Veronica Watkins grew up in the Kansas City, Missouri area where she was encouraged artistically from an early age. Watkins received a BFA from Northwest Missouri State University in 1996; she then went on to receive an MFA from Southern Illinois University at Carbondale in 2000. Watkins now resides in Maryville, Missouri where she is a wife, mother, studio artist and adjunct instructor, teaching foundation art courses at Northwest Missouri State University.
“My work reflects a fascination with formal exploration and utilitarian objects. The wonder of pottery is that it has the potential to become the user’s companion each day. It is taken into the home, and into the hand of the user—a very personal space. The fired clay object is a record of a series of moments, movements and decisions, potentially permanently captured. There is a tactile, experiential connection between the maker and the user through the object. I am compelled to make and persistently hold to the commitment that beautiful handmade objects impact our existence especially as our world becomes more virtual. I am aware of the influences both visually and conceptually of the Mingei craft movement and the teachings of the Bauhaus in regard to my work. My challenge is to consider the history of pottery and try to add something personal to it through my work.
I have discovered that there are physical processes, which make me feel personally connected to my work, challenge my skills and propel ideas. These processes have been mainly throwing on the wheel and then altering the forms with the addition of hand built elements. This process sets up a marriage of the organic and geometric that is critical for me. I want the eye to move around and in and out of forms, which is done through the arrangement of planes and edges. These arrangements of form, color, shape, line and texture are evidence of a combination of absorbed visual life experiences. I see a combination of city influences from my upbringing in an urban environment paired with rural landscape components that surround me now daily. These influences appear as abstract universal symbolism, having plural meanings that relate to landscape and architecture. My formal approach seems to be a cyclical examination in the power of juxtapositions. Experimentation and improvisation continue to be important to me as I am repeatedly asking myself “What if?” working through each form. I sense a balance between the rational and spontaneous during the making process.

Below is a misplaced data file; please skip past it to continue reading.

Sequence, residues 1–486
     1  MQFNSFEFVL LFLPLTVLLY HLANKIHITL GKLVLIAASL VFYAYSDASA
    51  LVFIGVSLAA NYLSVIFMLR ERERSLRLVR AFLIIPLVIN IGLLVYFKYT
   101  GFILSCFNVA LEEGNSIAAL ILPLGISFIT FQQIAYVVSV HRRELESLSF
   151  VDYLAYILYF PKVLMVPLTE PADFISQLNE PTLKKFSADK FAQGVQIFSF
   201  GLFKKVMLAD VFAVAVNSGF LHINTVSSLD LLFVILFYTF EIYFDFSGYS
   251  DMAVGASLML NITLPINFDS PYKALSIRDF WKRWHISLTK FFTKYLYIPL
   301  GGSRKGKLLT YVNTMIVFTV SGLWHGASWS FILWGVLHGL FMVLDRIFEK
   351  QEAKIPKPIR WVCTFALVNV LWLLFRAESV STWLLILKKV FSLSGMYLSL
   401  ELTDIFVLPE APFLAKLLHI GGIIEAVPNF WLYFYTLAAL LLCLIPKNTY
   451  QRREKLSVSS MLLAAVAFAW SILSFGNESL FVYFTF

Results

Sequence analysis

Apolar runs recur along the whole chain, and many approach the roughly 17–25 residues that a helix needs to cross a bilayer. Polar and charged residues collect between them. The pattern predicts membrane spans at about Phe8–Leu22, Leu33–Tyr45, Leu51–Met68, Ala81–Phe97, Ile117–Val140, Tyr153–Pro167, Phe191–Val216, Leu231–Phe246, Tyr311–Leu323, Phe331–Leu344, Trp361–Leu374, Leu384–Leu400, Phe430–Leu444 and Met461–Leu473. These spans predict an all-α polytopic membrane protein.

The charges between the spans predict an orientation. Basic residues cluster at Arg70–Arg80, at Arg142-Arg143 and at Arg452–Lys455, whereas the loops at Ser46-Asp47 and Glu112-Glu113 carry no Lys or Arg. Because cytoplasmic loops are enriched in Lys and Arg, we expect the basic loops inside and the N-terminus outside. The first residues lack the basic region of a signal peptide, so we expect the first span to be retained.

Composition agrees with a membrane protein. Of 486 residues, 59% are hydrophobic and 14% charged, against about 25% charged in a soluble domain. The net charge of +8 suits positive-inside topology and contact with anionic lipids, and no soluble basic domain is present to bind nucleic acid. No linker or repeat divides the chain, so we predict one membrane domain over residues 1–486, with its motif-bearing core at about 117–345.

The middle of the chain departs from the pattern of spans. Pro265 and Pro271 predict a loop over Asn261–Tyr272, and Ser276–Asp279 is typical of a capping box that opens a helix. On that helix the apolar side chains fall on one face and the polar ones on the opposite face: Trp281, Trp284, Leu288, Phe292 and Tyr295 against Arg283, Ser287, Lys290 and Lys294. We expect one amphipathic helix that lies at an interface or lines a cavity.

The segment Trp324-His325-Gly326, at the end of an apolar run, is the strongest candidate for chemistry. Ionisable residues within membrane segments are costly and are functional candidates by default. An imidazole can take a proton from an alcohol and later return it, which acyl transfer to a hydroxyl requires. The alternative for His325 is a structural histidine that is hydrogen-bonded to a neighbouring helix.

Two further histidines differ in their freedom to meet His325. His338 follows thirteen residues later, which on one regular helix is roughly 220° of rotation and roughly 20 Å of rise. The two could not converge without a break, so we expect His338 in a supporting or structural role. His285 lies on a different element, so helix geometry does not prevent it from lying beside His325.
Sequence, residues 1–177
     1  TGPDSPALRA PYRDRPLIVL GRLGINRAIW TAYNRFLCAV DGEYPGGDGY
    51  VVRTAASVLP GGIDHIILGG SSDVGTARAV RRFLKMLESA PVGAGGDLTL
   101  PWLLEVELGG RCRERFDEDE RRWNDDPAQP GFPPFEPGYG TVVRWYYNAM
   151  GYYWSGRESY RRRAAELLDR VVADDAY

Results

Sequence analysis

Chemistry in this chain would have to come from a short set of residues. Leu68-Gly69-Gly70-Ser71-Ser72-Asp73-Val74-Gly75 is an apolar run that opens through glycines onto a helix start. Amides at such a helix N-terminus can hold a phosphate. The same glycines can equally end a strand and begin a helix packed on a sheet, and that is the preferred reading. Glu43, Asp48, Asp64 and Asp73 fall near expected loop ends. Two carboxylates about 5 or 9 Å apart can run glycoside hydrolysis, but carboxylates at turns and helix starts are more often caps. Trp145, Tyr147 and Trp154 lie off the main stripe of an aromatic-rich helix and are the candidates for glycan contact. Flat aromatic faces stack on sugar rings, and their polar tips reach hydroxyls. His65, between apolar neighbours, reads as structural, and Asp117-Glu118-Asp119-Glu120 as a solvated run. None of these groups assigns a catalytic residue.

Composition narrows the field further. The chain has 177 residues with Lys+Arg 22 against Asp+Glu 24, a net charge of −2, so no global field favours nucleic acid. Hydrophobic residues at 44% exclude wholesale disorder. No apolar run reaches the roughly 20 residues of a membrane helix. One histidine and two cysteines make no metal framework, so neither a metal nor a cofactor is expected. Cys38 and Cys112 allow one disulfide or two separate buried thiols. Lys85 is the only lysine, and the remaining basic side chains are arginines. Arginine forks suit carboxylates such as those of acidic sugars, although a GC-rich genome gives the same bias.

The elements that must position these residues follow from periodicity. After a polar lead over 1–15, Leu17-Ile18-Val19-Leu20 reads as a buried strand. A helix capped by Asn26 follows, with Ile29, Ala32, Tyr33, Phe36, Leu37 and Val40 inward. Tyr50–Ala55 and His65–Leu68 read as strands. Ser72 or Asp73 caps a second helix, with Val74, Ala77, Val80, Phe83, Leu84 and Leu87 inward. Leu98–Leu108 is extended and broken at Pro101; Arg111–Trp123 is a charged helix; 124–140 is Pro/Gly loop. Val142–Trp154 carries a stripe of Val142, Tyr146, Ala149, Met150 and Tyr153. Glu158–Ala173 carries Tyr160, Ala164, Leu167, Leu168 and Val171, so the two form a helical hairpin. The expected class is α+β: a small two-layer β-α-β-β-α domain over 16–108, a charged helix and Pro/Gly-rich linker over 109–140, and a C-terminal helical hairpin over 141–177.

Some of my work reflects an interest in groupings of similar forms and forms that celebrate ritual. I think a lot about the question “What is ritual?” in our ever changing modern society. Ritual can be occasional or daily. It can relate to nourishment, food presentation and also remind us of times when families and friends gather for special events. I see historically, that set apart objects facilitate ritual and these types of objects in my opinion are some of the most meaningful and powerful art objects in existence. I feel that my process is a thoughtful conversation about how an object is set apart and how it has the power to create an atmosphere of its own. I want the work to have an intimate presence and invite the viewer to pick up the pieces through use, which is part of the tactile experience associated with the appreciation of ceramic art pottery.”